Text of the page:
The EU Bill: Restrictions on Treaties and Decisions relating to the EU - European Scrutiny Committee Contents

4  Implementation of the referendum lock

Should referendums be limited to issues of constitutional significance?

62. Since 1973, nine referendums have been held in the UK, one of which has been nationwide.[69] A further nationwide referendum on the alternative vote system for the election of Members of Parliament is planned for this year. By contrast, this Bill introduces 56 Treaty provisions[70] which, if invoked, would trigger a referendum. The majority of them does not concern major issues of national policy, such as changing the currency of the UK, but a change in the voting system in the Council from unanimity to QMV.

63. The evidence given by Professor Hix was that referendums were better suited to major constitutional questions rather than procedural issues, and that this was key to their effectiveness:

"Referendums are a legitimate tool, but often they are not regarded as legitimate unless they are on major constitutional questions. In a democracy we believe that ultimately sovereignty resides with the people, so it is legitimate that referendums should be used for major constitutional changes. Examples of such major constitutional changes include the transferring of policy competences to the European level; the transferring of policy competences to a lower level of government, as is the case with devolution; changing the way our electoral system works; and whether or not we should elect an upper House.

"I see a range of issues that I would categorise as being clearly of a fundamental constitutional nature and that, therefore, would only be regarded as legitimate by future generations if they are ratified in some way through a referendum. I think that those questions are inherently and fundamentally significant enough to answer all the other questions that have been raised about whether there would be sufficient turnout, whether there would be a proper debate on the issue, whether people would really form their opinions on the questions that were on the table and so on. I think that they do by their nature.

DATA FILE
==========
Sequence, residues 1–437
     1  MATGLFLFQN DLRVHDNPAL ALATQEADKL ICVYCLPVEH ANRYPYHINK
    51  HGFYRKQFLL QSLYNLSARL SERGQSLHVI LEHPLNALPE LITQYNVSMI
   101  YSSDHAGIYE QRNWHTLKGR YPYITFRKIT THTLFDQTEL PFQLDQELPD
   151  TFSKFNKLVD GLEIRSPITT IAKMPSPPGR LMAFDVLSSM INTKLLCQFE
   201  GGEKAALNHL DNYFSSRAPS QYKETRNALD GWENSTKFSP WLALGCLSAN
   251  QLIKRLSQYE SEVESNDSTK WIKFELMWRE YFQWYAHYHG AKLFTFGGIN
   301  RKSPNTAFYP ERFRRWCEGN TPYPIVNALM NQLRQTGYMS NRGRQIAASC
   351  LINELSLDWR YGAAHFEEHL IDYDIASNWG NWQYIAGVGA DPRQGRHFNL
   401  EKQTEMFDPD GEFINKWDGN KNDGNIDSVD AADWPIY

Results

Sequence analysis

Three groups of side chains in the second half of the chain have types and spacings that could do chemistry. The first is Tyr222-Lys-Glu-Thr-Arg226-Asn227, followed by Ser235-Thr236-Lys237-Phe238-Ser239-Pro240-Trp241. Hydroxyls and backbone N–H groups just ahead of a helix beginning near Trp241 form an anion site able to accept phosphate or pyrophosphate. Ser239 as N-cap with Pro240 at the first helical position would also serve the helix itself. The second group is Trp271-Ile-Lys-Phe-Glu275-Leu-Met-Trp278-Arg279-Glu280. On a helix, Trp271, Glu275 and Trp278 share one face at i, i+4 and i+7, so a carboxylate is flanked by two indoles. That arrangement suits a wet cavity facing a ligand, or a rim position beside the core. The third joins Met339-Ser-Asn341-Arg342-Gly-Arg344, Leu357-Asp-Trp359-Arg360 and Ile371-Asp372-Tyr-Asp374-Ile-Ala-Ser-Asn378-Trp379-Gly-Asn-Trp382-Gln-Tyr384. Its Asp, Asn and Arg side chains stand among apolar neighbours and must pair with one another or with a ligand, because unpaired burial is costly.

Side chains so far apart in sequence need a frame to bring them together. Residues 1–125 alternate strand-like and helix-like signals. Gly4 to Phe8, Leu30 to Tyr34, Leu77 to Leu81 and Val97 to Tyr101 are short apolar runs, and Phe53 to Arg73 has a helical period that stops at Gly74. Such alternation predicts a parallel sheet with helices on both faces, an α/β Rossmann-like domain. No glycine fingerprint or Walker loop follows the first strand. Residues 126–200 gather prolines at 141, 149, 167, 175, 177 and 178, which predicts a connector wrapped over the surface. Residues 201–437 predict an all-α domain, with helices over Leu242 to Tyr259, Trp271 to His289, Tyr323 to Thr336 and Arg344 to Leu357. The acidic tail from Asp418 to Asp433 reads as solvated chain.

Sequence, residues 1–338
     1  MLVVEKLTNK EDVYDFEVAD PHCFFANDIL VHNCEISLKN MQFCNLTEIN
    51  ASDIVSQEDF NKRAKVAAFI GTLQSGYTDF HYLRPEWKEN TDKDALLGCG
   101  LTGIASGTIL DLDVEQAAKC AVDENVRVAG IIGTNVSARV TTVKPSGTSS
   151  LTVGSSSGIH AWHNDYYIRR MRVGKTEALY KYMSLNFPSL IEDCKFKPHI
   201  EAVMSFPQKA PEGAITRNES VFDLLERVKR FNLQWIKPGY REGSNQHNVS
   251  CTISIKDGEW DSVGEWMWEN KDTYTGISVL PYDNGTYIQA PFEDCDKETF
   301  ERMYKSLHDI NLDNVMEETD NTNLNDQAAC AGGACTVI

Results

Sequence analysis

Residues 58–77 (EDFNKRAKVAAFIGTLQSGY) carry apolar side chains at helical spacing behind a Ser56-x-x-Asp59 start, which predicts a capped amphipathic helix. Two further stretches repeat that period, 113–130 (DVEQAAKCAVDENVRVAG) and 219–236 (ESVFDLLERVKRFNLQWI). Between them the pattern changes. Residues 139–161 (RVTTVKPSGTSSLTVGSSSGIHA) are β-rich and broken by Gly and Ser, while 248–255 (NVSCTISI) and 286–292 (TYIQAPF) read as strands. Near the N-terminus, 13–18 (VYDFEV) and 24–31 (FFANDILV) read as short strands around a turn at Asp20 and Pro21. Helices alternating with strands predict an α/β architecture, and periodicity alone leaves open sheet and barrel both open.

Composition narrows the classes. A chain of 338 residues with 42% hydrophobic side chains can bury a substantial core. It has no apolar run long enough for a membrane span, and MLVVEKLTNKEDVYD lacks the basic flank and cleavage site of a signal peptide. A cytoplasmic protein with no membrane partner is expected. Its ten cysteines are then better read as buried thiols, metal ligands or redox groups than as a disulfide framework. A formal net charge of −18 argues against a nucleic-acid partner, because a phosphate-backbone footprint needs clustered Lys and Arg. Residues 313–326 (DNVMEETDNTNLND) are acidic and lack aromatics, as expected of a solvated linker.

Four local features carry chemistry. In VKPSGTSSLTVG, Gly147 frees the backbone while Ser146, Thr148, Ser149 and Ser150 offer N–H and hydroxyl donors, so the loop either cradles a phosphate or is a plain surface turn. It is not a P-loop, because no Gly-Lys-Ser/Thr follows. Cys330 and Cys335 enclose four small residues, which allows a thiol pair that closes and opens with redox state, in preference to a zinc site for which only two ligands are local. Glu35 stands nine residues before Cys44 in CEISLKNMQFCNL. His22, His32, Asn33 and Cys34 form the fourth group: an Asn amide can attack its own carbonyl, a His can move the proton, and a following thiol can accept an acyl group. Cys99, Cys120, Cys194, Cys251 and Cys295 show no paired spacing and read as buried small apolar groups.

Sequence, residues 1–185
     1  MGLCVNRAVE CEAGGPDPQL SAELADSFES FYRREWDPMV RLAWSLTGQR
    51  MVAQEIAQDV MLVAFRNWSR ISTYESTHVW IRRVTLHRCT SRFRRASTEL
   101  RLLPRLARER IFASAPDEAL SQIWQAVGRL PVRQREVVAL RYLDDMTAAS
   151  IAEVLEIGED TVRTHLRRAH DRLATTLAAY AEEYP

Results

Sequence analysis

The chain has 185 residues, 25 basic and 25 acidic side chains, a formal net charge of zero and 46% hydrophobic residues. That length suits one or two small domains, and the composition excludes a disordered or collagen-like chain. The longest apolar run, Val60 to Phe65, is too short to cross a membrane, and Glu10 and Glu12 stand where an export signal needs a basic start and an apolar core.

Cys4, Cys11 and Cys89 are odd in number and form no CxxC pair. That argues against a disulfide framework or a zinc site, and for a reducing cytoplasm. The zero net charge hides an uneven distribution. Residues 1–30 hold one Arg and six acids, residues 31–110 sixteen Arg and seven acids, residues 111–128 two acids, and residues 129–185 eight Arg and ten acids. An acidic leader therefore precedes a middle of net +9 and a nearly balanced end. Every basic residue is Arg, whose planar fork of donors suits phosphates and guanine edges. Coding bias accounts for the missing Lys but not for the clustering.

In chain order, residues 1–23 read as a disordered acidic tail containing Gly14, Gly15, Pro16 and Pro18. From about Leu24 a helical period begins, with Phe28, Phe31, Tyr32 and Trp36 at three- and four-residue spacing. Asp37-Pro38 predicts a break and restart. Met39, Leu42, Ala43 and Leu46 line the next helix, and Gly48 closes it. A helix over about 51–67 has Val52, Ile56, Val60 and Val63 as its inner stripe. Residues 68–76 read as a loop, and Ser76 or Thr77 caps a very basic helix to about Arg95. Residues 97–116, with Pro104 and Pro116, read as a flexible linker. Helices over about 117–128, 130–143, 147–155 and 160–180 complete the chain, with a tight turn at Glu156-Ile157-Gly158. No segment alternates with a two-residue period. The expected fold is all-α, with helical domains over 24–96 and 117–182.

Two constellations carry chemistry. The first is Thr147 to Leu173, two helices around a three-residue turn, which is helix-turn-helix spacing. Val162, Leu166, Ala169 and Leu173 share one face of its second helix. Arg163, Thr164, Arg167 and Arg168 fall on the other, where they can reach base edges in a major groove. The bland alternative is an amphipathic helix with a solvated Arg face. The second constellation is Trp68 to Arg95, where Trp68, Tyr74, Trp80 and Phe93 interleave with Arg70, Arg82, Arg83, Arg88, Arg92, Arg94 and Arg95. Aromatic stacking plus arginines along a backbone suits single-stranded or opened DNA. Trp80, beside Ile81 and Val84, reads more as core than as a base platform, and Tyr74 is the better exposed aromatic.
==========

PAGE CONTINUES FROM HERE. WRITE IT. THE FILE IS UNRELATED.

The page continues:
"You can, of course, have referendums on a whole range of other minor issues, but questions will always be raised afterwards about whether there was a legitimate outcome. For example, California recently had a referendum on the legalisation of marijuana, but I imagine that there will be another referendum next year, and another one the year after that and so on. In Texas, they have referendums in local communities on whether they should ban smoking or ban alcohol. You have a referendum every year on the same issue, because people question any one binding outcome on whether it was the right question or whether the turnout was high enough or whether people were voting on other things. When you have a fundamental constitutional question, however, the issue gets resolved for a significant time, because of its nature."[71] (Emphasis added.)

64. And in applying this approach to the UK's relationship with the EU, he regarded the UK's ratification of recent Treaties as of major constitutional significance:

"I think there should have been a referendum on Maastricht, on Amsterdam, on Nice, on the constitutional treaty, on the Lisbon treaty, on whether Britain should join EMU or on any other major question like that."[72]